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Perhaps if you better explained the usage requirement, someone could help suggest an appropriate product/vendor. Are you showering animals? What size, how many, how long? Or spraying out a pen/spraying off a floor? Do you need good even wetting? Or a lot of flow (as in moving caked on solids)? Or do you need forceful flow to actually blast away grime? (Some animals might rightly object to the latter depending on their sensitivity.) What sort of pressure will you have to work with? What sort of temperature do you really need?

My point is that you might be able to do a whole lot more with several times lower flow than you anticipate...and this could make the whole process a lot easier for you. (Not requiring outsized burner rates, line sizes, or runoff handling.) Spray distribution/quality has greatly improved in the past decade or two. I've seen this in reactor/distillation/scrubber tower design as well as in shower heads and dishwashers. Money might be no object, but if it is then testing some lower flow options could save you a bundle down the road. Note: I am not suggesting sacrificing performance.
 

STyler

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The shower head will be for people and it will be located in the horse wash stall. It will only be used probably about 26 times a year, but typically it will be removing layers of mud/dirt from clothes before finally cleaning like a normal shower.

Capacity isn't an issue because the system will be designed to accommodate the wash stall so I'll have 80 Gallons of 150 degree water to use for the shower - and what isn't used will go to waste. Pressure from the well is approx. 75 psi.
 

hj

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shower

quote; It will only be used probably about 26 times a year, but typically it will be removing layers of mud/dirt from clothes before finally cleaning like a normal shower.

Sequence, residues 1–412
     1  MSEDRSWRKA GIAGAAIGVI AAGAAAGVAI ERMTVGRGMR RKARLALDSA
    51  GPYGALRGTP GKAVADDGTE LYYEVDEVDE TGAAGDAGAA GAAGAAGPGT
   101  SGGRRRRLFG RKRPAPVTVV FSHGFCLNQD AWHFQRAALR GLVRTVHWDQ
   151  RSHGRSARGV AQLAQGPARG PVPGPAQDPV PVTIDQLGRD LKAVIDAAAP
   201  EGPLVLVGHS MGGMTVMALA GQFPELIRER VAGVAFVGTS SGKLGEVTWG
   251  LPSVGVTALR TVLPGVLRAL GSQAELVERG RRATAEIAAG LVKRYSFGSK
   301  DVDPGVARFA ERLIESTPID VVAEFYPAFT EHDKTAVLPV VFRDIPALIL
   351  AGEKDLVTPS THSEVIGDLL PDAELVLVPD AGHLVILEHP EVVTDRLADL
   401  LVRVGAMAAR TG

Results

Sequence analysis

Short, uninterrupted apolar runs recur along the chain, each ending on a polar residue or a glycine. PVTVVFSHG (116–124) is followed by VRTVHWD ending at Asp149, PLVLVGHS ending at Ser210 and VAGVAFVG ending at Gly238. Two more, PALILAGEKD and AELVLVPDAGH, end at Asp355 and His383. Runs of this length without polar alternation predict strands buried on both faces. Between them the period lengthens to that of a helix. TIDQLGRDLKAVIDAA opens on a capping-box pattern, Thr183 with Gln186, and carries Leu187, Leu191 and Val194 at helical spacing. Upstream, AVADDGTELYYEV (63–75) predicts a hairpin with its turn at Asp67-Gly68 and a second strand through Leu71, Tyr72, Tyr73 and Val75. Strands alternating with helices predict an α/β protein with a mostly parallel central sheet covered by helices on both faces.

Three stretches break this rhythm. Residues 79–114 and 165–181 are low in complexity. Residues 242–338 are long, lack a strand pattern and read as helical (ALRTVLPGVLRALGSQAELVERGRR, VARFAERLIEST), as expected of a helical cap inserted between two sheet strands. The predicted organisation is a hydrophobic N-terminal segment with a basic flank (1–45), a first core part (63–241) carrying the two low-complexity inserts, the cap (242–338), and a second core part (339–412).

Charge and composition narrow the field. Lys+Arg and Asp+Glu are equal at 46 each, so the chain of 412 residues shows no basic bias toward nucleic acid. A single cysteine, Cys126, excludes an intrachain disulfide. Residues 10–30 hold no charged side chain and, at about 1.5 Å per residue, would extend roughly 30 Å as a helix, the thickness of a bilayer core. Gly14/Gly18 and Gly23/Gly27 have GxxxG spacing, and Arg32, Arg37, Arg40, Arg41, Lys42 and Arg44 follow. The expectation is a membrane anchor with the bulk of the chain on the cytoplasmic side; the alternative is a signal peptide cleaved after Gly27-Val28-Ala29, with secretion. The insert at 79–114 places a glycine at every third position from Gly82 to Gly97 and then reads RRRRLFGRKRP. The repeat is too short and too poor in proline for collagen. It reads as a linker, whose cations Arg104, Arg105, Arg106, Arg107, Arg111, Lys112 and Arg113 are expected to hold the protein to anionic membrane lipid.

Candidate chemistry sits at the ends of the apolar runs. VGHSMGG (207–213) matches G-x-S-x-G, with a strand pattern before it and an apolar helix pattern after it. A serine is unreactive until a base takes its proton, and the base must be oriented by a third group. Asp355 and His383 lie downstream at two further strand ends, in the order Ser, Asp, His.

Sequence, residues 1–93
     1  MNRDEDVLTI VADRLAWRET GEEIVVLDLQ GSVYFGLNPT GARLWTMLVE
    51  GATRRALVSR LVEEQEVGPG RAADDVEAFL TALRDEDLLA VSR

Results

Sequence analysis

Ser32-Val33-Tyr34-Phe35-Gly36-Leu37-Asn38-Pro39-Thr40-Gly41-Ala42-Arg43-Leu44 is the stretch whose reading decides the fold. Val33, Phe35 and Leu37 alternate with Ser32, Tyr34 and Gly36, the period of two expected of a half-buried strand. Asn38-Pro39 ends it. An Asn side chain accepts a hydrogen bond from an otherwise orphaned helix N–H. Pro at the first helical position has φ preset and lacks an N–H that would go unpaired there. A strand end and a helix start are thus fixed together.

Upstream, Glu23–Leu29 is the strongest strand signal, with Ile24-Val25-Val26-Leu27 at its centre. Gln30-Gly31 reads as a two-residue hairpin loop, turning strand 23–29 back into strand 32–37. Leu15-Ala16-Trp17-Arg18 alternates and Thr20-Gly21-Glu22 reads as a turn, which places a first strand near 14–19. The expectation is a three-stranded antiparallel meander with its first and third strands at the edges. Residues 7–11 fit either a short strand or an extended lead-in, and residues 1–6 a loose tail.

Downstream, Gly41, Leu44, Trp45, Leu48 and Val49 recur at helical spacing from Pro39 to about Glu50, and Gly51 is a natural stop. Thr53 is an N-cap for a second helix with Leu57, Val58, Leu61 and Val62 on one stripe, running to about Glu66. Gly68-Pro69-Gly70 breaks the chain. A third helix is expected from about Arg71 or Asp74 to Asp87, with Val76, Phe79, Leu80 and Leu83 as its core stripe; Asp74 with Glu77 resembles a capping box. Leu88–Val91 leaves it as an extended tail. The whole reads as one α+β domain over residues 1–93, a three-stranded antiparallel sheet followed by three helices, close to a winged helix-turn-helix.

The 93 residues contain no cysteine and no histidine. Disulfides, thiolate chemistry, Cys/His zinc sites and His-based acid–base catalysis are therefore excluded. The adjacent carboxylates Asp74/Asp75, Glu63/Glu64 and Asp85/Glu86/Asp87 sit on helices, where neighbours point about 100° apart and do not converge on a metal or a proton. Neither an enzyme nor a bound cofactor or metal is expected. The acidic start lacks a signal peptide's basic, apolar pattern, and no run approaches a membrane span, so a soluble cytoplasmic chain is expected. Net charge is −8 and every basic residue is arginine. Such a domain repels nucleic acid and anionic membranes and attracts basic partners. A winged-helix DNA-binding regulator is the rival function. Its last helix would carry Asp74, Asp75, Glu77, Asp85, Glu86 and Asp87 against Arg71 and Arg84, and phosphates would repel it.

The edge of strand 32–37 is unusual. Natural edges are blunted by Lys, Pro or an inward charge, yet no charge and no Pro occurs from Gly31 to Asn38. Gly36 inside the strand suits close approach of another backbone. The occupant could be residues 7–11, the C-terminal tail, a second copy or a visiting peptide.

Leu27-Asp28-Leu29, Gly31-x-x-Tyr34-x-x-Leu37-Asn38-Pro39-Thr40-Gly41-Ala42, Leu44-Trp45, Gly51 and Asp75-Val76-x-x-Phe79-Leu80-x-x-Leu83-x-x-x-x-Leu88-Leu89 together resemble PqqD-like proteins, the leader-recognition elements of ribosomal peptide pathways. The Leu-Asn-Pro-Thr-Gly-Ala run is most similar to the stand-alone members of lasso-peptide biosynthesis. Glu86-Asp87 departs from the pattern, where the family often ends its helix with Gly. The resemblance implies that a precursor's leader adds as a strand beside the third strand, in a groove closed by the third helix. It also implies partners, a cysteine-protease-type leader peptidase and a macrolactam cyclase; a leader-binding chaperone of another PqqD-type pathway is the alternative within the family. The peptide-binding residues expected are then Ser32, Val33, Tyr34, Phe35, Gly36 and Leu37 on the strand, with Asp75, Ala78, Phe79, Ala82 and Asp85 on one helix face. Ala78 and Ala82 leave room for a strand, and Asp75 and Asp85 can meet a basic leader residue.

Well, I am sure that someone will need a shower if they only take one every two weeks after working on a farm. But I, and most people, take our clothes off before taking a shower, but if we did not, a garden hose with a good jet nozzle would knock the dirt off, and then we would put them in a washing machine, not keep them on while taking a "normal" shower.
 

STyler

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Well, I am sure that someone will need a shower if they only take one every two weeks after working on a farm.

:D

I don't work on the farm - I play on the farm. It is just land with a horse barn. My wife rides, and my son and I 4 wheel and paintball in the woods.

But I, and most people, take our clothes off before taking a shower, but if we did not, a garden hose with a good jet nozzle would knock the dirt off, and then we would put them in a washing machine, not keep them on while taking a "normal" shower.

The mud comes off the clothes much easier wearing them than it does after you take them off. And when the weather gets cold, the last thing I want is to hose each other down with cold water from a garden hose like some homoerotic arctic Flashdance reinactment. :)

I could certainly just use the horse wash nozzle fixed to constant on which will have hot water with the flow of a garden hose - but it would be far less convenient and use far more water.

... or perhaps I should use the nozzle for the horses, then screw on a 2.5 gpm shower head if I use it on a human? :rolleyes:
 

STyler

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What is with the defensive posture of the moderators here to a simple question?

"If you choose not to work within the framework of the law... you're on your own" ???

Since when is it illegal for me to remove the water restictor on a shower head? You can ask how to plumb a full body shower with multiple jets and shower heads, but if you want to maximize the performance of a single shower head, I get grief from a Mod who feels I should be more concerned about my community's "water conservation needs"?